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Before starting India’s largest coffee chain, V Siddhartha wanted to join the Army

By Anuj Cariappa
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Bengaluru, July 31: Son of a coffee plantation owner, V G Siddhartha created the Indian rival of Starbucks but his sudden disappearance and a letter by him alluding to pressures from a PE investor to buy back shares have left many questions unanswered.

Coming from a family that has a 140-year history of growing coffee, Siddhartha initially dabbled in stock trading before actually setting his foot in the coffee business.

Before starting India’s largest coffee chain, V Siddhartha wanted to joint the Army

He initially wanted to join the Indian Army but then envisaged interest in working as an investment banker in Mumbai after completing his Master's degree in Economics from Mangalore University. In 1984, he launched his own investment and venture capital firm Sivan Securities in Bangalore, and began investing the profits from his start-up to buy coffee plantations in Karnataka's Chikmagalur district.

In last letter to Coffee Day family, Siddhartha speaks about harassment by IT dept: Full text here

Around this time, he also began taking interest in his family's coffee business. In 1993, he set up a coffee trading company called Amalgamated Bean Company (ABC) with an annual turnover over Rs 6 crore and over the years it increased to over Rs 2,500 crore.

Inspired by a chat with the owners of Tchibo, a German coffee chain, Siddhartha decided to open his own chain of cafes in a country that had no formative cultural grounding in cappuccinos. He opened Cafe Coffee Day's first outlet on Bengaluru's upscale Brigade Road in 1994 with a tag line 'A lot can happen over a cup of coffee'.

It's now the largest chain of coffee shops in India, a nation of tea drinkers, with 1,750 cafes in more than 200 cities, including outlets in Prague, Vienna and Kuala Lumpur. Coffee Day went public in 2015.

Siddhartha also set up 200 exclusive retail outlets selling his brand of Coffee Day powder all over South India. ABC is also India's largest exporter of green coffee.

Expanding his business portfolio, Siddhartha ventured into IT sector and founded Global Technology Ventures Ltd that identifies, invests and mentors technology companies.

He also entered the financial sector with investment firm Sivan Securities Private Ltd. The company has three subsidiaries - Chetan Wood Processing Pvt Ltd, hospitality business Barefoot Resorts and timber trading - Dark Forest Furniture Company.

In 1999, Siddhartha was roped in by IT veteran Ashok Soota when Subroto Bagchi, Rostow Ravanan and KK Natarajan were putting together IT firm Mindtree.

He was once the largest shareholder of Mindtree but decided to cash out. In March this year, he sold out his 20.41 per cent stake in MindTree to Larsen & Toubro (L&T), making close to Rs 2,858 crores profit. That deal helped him repay his debt of about Rs 2,900 crore.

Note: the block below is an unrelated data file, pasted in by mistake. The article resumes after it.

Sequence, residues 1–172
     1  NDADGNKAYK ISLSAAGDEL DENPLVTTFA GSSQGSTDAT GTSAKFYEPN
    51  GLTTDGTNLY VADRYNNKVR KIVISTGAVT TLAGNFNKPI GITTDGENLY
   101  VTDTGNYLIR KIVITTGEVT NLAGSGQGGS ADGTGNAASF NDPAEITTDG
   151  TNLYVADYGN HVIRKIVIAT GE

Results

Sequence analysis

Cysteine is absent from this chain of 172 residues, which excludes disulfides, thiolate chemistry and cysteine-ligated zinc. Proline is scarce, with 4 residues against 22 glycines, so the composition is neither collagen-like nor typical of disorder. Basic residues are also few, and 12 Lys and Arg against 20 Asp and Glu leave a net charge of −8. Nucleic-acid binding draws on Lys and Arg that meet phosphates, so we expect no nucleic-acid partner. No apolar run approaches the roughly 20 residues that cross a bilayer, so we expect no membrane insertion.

Son-in-law of former Karnataka Chief Minister SM Krishna, Siddhartha found himself in trouble in September 2017 when the Income Tax (I-T) department conducted raids at over 20 locations linked to him.

Siddhartha reportedly had been witnessing rising debts, especially in the last few years.

His Coffee Day Enterprises Ltd had seen net loss widening to Rs 67.71 crore in the fiscal year ended March 31, 2018 from Rs 22.28 crore loss in the previous year. This despite revenues climbing 59 per cent to Rs 122.32 crore.

Today I gave up said V G Siddhartha in letter to Coffee Day family before he went missing

He was reportedly in talks to sell his real estate venture Tanglin Developments Ltd to New York-based private equity giant Blackstone Group.

The MindTree sale had vastly improved his financial condition and the real estate deal would have further cut his debt. He was also in talks to sell Coffee Day Enterprises, where he held 32.75 per cent stake, to Coca-Cola for as much as USD 1.45 billion.

And so his sudden disappearance from Jappinamogaru, which is very close to Netravathi river and three kilometres from the sea, on Monday evening has left questions unanswered.

A letter by him to the CCD Board claimed that he was being pressured by "one of the private equity partners" forcing him to buy back shares, a transaction he had partially completed six months ago by borrowing a large sum of money from "a friend".

The letter also talked about "harassment" by I-T Department official, who initially attached his shares in Mindtree. The I-T Department on its part refuted the charges made out in the letter saying the signature on it does not match with the record available with it.

His wife, Malavika Hegde, with whom he has two children, is on the CCD board.

"Company is professionally managed and led by a competent leadership team, which will ensure continuity of business," the CCD Enterprise said in a regulatory filing.

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